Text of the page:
Relay ?

Discussion in 'General Electronics Chat' started by Mathematics!, May 28, 2009.

  1. Mathematics!

    Thread Starter Senior Member

    Jul 21, 2008
    1,022
    4
    I have a relay that I want to use to control a house switch
    (120 volt AC)

    The part is radioshack 275-217 DPDT Plug-In Relay.
    characterisitics are
    Contacts: Silver-cadmium oxide, rated 10A
    Excepted Life: 100,000 operations (min.) at rated load
    Absolute maximum ratings
    Ambient temp -40 to +158F
    Continuous coil voltage: 132VAC
    Power consumption: 1.10VA max

    Electrical characteristics
    Rate voltage: 110/120VAC
    Coil resistance: 4.430 ohms max.
    Pull-in voltage: 9.6VAC max.
    Dropout voltage: 36VAC min.
    Nominal coil current: 8.4/9.2mA
    Contact rating: 10A at 110VAC or 24VDC
    Maximum operating voltage: 250VAC /125VDC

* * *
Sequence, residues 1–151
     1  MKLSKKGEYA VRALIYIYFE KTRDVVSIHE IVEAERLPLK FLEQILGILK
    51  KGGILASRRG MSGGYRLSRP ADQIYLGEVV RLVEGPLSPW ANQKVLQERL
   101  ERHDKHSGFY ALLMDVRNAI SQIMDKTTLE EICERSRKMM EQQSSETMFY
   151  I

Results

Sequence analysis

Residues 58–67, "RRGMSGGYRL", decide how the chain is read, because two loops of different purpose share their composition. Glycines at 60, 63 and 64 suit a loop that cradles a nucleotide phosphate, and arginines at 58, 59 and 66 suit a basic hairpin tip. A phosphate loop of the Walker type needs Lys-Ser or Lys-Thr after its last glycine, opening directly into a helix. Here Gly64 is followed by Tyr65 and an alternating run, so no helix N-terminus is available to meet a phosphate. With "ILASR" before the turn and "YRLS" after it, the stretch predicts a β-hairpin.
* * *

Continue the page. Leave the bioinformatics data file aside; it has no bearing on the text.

Minimum load: 100mA , 5VDC

    Would this be Ok to use and if so is pin 7 and 8 on the relay where I put the 5 volts or greater to control the switch located at pin 5 and pin 6?

    The reason why I ask this is I used a simple 9 volt battery on pin 7 and pin 8 to see if the contact inside the relay would move to the other direction but it didn't. 9volts is definitely > 5 volts?

    Is their any specific direction on which the current should flow into the coil? Or can it go either way to get the same effected.
     
  2. Audioguru

    New Member

    Dec 20, 2007
    9,411
    896
    Don't use a relay from RadioShack because their instructions are completely wrong.
    The coil needs 132VAC?
    But the coil is only 4.5 ohms?
    Then the coil draws 29.3A and uses 3,868VA?

    I don't think a 9V battery has 132VAC to make the relay work.
     
  3. radiohead

    Active Member

    May 28, 2009
    474
    31
    Make sure when you select your relay, take into consideration the current draw of the device you will be powering through it. Always select a relay with a higher load capability than you think you'll need.
     
  4. Mathematics!

    Thread Starter Senior Member

    Jul 21, 2008
    1,022
    4
    Continuous coil voltage: 132VAC
    Power consumption: 1.10VA max